West Burton cooling towers, Nottinghamshire
West Burton cooling towers, Nottinghamshire – Architects Design Group (1961-67)
Risk: Total demolition
Higher than the dome of St Paul’s Cathedral, yet with a concrete hyperbolic paraboloid structure often only seven inches thick, cooling towers have had a monolithic presence unlike anything else in the British landscape. Great ingenuity was taken to integrate them into the surrounding countryside, with Henry Moore advising on their placement at Didcot and Sylvia Crowe writing extensively on the subject in The Landscape of Power (1958).They are C20 icons.
There were originally ten British large-set power stations that started construction in 1960-63, today only three remain. The cooling towers at West Burton A power station are the oldest working examples in the UK and were the recipients of a Civic Trust Award upon completion – the first to be awarded to an English power station. The judges complimented them as “an immense engineering work of great style which, far from detracting from the visual scene, acts as a magnet to the eye from many parts of the Trent Valley”. As the country grapples with an unprecedented energy crisis this winter, Britain’s remaining coal fired power stations have been placed on standby by the Department for Business, Energy & Industrial Strategy – ready to fire up at short notice, covering demand and ensuring the lights stay on. However this stay of execution is only temporary. The government remains committed to decommissioning all coal fire power stations by 2023-24 and Historic England’s advice to date has been that cooling towers are not distinctive enough to deserve protection. No pre-war examples remain in Britain and a COI (Certificate of Immunity for Listing) has recently been renewed on all post-war examples, clearing the pathway to their future demolition.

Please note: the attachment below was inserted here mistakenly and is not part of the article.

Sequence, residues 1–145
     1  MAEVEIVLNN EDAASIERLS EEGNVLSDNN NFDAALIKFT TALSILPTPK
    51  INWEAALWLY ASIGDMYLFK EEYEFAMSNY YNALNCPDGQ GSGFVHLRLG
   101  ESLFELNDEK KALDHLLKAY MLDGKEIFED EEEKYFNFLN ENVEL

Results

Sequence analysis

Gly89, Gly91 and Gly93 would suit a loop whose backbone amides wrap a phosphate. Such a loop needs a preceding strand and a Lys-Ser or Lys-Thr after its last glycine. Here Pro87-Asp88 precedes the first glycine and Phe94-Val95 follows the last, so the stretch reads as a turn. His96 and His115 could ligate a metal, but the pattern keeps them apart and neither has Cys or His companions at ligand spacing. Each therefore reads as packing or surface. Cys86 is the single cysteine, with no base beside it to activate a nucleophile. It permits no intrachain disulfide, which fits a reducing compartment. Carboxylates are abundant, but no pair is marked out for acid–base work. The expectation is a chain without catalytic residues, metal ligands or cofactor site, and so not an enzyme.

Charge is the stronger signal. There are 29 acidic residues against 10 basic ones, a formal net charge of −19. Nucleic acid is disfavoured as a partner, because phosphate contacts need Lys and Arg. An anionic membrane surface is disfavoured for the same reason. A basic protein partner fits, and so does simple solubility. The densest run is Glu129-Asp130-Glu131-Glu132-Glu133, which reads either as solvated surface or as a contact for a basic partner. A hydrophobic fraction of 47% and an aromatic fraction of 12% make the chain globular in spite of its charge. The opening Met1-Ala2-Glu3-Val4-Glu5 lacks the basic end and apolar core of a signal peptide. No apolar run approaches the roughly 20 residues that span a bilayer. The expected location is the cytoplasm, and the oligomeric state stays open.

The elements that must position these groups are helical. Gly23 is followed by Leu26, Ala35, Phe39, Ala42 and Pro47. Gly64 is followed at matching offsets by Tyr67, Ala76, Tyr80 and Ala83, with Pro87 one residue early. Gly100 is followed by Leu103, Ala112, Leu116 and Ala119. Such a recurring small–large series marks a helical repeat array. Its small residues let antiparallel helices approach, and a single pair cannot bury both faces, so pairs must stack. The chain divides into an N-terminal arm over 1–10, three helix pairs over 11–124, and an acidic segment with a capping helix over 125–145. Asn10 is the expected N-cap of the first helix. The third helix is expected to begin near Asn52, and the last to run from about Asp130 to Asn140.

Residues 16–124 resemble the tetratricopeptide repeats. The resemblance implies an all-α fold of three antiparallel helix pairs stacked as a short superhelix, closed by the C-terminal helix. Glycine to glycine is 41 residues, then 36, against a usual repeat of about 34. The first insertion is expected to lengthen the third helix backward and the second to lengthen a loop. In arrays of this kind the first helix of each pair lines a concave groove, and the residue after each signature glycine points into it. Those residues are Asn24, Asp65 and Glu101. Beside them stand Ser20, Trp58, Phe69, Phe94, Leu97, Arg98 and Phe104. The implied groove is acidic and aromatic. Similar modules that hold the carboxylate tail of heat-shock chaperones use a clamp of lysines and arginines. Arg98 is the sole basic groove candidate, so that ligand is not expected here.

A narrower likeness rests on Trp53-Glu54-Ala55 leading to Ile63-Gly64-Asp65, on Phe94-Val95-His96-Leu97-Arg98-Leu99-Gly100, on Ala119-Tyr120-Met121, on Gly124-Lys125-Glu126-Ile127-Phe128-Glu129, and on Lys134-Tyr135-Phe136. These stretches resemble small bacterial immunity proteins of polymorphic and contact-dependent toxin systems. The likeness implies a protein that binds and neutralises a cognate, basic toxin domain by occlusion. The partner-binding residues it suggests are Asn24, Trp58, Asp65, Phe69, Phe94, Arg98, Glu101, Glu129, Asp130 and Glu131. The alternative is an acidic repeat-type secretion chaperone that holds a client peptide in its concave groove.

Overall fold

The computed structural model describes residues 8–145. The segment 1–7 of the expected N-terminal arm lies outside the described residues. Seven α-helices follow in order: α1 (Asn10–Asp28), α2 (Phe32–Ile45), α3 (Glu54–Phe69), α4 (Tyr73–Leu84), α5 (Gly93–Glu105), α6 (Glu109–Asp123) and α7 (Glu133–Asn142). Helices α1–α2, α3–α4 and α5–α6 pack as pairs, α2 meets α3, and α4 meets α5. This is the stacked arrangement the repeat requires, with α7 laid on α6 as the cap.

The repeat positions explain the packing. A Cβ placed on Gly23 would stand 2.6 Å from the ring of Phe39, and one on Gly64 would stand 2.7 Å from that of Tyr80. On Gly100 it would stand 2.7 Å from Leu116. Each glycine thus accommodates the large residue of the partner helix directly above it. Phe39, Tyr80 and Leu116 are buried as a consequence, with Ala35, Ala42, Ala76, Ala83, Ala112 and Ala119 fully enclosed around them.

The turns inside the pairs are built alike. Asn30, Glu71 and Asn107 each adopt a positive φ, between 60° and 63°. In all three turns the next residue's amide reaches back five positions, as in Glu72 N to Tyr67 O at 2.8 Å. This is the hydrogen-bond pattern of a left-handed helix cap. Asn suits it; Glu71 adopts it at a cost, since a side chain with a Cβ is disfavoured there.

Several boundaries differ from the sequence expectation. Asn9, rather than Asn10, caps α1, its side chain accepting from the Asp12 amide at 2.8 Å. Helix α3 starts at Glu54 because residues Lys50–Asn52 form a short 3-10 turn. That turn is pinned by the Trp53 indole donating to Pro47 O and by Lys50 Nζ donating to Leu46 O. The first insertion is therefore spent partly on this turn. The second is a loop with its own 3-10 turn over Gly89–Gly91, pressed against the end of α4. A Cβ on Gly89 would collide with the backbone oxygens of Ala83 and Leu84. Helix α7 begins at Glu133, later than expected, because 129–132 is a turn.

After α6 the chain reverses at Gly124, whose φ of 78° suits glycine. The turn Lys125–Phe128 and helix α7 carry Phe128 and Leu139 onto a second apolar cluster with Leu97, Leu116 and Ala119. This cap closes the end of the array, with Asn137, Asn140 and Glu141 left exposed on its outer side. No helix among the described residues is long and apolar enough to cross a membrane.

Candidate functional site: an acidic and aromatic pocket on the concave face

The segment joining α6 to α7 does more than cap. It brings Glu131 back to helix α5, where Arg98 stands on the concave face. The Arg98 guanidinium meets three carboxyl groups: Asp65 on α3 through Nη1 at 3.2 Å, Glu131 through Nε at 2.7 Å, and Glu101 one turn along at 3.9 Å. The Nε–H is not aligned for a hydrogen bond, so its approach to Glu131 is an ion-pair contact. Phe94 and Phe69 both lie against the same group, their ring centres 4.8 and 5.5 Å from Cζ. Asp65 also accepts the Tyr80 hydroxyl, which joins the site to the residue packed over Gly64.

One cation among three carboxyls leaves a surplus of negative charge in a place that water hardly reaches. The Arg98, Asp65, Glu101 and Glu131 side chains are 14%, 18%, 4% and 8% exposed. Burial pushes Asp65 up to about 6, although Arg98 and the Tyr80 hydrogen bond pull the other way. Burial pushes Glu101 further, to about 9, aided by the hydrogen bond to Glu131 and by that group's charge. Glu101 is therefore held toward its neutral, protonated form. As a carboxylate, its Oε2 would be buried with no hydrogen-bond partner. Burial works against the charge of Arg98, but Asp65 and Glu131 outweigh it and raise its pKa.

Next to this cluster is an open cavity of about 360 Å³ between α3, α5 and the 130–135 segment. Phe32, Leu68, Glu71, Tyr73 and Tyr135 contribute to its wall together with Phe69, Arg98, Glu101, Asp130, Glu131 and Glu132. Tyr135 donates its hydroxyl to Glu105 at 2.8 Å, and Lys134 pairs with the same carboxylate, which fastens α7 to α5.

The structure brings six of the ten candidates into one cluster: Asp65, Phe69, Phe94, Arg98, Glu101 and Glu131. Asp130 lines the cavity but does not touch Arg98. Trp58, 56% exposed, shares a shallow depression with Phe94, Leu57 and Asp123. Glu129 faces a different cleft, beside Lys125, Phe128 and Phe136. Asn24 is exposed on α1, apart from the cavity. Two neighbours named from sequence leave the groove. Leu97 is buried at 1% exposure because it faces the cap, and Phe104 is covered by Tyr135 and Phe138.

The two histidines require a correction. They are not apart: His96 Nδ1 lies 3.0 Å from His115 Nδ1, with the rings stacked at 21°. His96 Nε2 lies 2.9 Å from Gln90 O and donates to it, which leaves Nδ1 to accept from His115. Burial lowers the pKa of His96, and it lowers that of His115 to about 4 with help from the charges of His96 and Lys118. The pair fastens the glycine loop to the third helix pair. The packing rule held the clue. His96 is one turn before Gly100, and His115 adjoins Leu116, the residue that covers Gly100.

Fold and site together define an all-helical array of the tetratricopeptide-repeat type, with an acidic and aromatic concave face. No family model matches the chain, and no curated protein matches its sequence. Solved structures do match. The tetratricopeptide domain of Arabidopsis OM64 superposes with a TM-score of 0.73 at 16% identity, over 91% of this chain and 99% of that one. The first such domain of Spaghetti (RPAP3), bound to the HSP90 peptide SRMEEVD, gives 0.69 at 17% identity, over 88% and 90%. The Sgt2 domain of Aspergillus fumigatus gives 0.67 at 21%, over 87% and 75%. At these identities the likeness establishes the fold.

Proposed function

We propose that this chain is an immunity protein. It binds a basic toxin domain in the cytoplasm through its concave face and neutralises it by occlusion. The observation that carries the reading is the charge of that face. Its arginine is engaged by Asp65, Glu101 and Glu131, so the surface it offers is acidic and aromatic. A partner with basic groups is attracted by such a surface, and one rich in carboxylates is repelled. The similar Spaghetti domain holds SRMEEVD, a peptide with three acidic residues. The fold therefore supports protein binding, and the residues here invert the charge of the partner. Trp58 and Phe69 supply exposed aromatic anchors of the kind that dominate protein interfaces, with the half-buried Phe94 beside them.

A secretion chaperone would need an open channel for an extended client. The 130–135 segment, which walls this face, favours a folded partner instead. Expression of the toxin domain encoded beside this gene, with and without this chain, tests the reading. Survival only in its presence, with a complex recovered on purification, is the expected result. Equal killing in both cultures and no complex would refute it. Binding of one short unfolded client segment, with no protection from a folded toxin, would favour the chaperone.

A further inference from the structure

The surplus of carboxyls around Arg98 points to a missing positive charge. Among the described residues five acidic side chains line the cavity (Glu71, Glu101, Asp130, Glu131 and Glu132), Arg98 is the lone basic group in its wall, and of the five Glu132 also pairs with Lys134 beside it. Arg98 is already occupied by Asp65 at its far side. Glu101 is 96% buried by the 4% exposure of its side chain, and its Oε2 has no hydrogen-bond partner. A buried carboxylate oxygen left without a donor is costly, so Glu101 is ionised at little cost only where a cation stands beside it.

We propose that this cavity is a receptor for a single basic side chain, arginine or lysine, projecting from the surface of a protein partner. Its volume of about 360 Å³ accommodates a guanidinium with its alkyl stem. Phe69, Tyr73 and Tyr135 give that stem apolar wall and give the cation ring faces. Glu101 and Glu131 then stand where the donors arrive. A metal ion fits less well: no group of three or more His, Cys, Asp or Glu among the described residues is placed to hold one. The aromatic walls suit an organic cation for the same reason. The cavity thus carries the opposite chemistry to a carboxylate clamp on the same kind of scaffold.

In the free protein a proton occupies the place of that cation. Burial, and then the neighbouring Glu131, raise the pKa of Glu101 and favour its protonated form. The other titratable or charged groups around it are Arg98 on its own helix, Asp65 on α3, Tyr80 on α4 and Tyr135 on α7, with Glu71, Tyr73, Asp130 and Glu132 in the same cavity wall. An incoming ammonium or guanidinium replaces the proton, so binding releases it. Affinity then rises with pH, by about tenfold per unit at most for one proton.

While plans for a greener future more focussed on renewable energy are to be welcomed, the loss of these silent sculptural giants should be lamented. In Germany and South Africa, there are practical case studies of redundant towers being repurposed as the centre piece of extreme sports and amusement parks, while the recent Beijing Winter Olympics a set of towers became an unlikely viral hit, as a surreal backdrop to the ski jumping contest. Faced with an entire typology being wiped out, C20 is currently developing proposals for how British examples could also be imaginatively reused.
How to help: Look out for C20’s forthcoming campaign where we explore potential future uses for cooling towers.
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